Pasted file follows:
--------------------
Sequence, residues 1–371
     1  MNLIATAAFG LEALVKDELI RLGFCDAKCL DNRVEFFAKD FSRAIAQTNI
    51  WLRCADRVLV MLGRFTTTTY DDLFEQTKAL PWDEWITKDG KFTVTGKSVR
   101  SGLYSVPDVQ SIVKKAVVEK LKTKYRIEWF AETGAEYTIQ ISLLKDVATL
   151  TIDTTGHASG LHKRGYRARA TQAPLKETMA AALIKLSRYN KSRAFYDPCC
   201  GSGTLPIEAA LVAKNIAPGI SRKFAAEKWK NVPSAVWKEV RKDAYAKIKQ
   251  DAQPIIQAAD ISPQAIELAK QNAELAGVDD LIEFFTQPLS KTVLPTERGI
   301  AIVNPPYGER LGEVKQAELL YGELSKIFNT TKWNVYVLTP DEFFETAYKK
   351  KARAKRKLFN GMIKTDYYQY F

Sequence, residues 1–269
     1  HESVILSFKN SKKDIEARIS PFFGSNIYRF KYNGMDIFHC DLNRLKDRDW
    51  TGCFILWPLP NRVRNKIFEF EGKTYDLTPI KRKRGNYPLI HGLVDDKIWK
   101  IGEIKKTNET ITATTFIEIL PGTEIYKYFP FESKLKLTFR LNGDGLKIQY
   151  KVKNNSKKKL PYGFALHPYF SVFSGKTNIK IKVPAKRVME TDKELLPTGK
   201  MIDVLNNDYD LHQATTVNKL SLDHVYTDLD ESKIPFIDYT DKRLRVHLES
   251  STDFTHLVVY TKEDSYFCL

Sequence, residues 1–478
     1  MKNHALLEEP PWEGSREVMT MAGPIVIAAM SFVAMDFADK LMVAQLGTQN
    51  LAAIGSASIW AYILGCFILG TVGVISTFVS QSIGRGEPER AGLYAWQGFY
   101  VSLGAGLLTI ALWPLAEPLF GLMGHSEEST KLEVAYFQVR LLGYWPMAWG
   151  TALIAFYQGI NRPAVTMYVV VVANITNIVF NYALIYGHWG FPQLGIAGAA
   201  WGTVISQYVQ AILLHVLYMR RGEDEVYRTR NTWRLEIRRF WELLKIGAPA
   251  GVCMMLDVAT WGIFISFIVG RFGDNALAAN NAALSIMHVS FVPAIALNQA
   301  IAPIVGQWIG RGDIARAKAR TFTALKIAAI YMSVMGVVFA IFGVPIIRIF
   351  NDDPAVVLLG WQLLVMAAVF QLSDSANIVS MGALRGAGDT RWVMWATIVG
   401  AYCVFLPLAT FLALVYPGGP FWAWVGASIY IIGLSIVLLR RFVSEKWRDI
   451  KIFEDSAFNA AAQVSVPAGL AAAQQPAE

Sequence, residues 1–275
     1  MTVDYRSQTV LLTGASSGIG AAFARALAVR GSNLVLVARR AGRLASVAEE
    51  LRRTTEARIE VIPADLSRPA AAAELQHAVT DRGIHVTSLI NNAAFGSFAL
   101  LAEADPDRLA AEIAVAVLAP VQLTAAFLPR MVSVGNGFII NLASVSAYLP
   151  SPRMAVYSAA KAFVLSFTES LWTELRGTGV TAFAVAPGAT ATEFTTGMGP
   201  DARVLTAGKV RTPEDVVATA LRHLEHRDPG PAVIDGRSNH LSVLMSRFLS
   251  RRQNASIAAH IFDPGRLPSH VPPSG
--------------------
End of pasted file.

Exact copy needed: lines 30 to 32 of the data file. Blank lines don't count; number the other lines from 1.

    51  LRRTTEARIE VIPADLSRPA AAAELQHAVT DRGIHVTSLI NNAAFGSFAL
   101  LAEADPDRLA AEIAVAVLAP VQLTAAFLPR MVSVGNGFII NLASVSAYLP
   151  SPRMAVYSAA KAFVLSFTES LWTELRGTGV TAFAVAPGAT ATEFTTGMGP